The Recession is over and business is on the mend, so my phone has been ringing with calls from people looking to hire Sales Managers and Account Executives.
The Role of Creative Professionals in Sales
I don’t do recruiting or placements, but I can help folks clarify their needs and perhaps steer them in the right direction. One piece of advice I find myself giving frequently is, “Don’t hold out for an AV Sales veteran, your next rainmaker probably won’t be from the AV industry.”
This is especially true on the Sales Management side. In Corporate America, training for sales and sales management is a big business. But it’s not something we see much of in the audiovisual industry. The reasons are mostly historical and somewhat self-centered. Most owners and executive teams believe that you need to be an AV person to sell AV. There was a time when that certainly was true, but it has been over a decade since anyone had to explain what technology can accomplish. Our customers have become quite sophisticated in their expectations, which has contributed to AV’s slow slide into commodity sales.
The solution and what I see as a emerging trend is the application of creativity-based selling to AV services. Similar to how sales develop in advertising, event production, and marketing – AV sales will compete for the customer’s loyalty by appealing to the creative side of the buyer. This goes far beyond the relationship selling techniques used to foster ongoing opportunities. Creative-selling will look more like an ad agency pitch that focuses on the experience of the finished product.
What Will Change?
The big change is on the emphasis of the sale. Today we focus on the “design” or engineered solution, but our customers never really touch the engineered design as AV folks see it. What they will encounter is the finished look of the equipment and the EXPERIENCE of using it. And this is the one place that AV Integrators can truly distinguish themselves from their competitors. With this new kind of pitch, the players in the room will also change. To develop a comprehensive proposal, you will need a graphic artist to design the control user interface and to generate the conceptual renderings of the finished spaces. The control programmer will be elevated to a front-line customer experience manager instead of a backroom code troll and ad-hoc trainer. Technical design will still be critical, but let’s face it – most customers don’t relate to engineers. Creative-selling will embrace the simplicity of the project and leave the complexity in the background.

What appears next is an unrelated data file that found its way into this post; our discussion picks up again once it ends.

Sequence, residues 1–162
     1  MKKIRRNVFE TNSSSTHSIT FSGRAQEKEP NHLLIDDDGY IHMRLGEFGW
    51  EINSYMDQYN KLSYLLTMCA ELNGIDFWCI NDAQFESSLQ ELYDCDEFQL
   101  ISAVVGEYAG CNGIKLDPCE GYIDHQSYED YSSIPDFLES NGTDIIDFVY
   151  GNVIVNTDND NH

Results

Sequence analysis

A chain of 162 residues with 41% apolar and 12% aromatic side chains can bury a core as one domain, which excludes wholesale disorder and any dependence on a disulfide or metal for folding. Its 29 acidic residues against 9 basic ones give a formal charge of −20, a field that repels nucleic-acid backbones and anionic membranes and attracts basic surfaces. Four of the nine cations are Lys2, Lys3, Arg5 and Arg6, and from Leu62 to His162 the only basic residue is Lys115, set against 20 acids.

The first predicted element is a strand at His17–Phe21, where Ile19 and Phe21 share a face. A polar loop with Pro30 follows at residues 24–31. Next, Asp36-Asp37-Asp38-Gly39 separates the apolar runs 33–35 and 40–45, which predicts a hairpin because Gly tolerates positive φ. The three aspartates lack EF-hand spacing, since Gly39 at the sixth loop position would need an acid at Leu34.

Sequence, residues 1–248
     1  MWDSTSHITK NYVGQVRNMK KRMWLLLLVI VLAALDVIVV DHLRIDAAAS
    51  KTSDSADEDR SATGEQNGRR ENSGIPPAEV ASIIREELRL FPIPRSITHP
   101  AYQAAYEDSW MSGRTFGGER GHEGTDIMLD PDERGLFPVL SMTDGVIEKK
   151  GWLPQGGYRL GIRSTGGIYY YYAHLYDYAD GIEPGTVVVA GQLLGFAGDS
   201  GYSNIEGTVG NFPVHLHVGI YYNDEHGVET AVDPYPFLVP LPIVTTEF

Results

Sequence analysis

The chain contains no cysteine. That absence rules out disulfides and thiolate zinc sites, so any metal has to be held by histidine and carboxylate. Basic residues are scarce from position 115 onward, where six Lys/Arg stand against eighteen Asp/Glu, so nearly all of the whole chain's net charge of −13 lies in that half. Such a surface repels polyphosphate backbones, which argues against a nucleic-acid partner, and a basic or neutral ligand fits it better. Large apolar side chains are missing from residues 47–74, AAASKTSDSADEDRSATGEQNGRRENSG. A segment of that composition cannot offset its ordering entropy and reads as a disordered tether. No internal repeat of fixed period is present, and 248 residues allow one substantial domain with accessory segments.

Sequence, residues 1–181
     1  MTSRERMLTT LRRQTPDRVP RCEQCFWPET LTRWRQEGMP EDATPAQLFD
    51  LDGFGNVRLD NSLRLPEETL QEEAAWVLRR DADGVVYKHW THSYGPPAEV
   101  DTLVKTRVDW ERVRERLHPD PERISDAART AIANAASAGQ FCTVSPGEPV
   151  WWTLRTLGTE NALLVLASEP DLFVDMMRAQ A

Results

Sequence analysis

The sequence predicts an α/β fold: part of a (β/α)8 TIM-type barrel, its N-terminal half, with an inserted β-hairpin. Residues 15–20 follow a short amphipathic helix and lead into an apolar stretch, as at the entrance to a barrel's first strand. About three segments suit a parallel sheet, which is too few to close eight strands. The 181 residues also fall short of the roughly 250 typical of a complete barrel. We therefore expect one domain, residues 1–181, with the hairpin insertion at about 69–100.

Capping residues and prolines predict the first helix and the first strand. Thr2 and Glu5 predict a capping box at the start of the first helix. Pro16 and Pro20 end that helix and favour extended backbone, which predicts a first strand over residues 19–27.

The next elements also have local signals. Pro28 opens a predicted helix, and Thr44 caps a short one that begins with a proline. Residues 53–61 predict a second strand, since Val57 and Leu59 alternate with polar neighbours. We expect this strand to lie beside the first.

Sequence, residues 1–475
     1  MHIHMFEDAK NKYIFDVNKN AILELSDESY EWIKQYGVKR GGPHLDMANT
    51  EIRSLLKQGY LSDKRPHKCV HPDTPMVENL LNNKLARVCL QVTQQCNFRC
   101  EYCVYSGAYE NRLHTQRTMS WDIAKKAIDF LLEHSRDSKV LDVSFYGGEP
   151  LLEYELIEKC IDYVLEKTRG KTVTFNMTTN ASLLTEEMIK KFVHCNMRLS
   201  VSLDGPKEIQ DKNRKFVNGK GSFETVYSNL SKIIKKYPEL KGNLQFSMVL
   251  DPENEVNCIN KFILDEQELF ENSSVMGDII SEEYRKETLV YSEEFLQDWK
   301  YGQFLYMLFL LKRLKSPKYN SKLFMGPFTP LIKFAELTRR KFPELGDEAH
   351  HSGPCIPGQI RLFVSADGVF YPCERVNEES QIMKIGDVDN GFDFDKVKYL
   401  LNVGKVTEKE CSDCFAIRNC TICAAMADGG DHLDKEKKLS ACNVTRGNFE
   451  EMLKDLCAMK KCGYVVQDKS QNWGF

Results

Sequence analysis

A handful of Integrators and Design Consultants are already doing something very much like this. They understand that the future of AV is in software and services and that technology, while still critical, must become transparent. However, the majority of the integrators I encounter still treat programming and aesthetics as an afterthought. In fact programming considerations in hardware selection are generally addressed when it is much too late. We can’t expect Design Engineers to fully grasp the needs or the potential of control systems from a user’s standpoint. Programmers will become the solution geniuses we parade in front of our customers before a project is even fully defined.
The are other things that will need to change as we learn to sell unique solutions. Integrators offices will need to become testaments to their design aesthetic. They will need to be a showcase for the possibilities. Likewise our people need to look less like contractors and more like surgeons. And don’t get me started on marketing! Just look at the SCN Top 50 company’s websites and see how many are indistinguishable from one another.
Whom to Hire?
Let me circle back to hiring sales professionals. There’s nothing wrong with taking on a good AV sales person. But, I think forward-thing companies should be looking for sales professionals from other industries especially creative ones – media producers, marketing sales – anyone that has sold something intangible. Inject some fresh perspective into how you present your services, and give your programmer a raise and add 50% more programming capacity so they can do an even better job at it.
High margin customers don’t buy from low-margin competitors or anyone that looks like one. It’s time to
polish things up and sell the beauty of an elegant solution delivered by creative geniuses.
Just my two cents’ worth.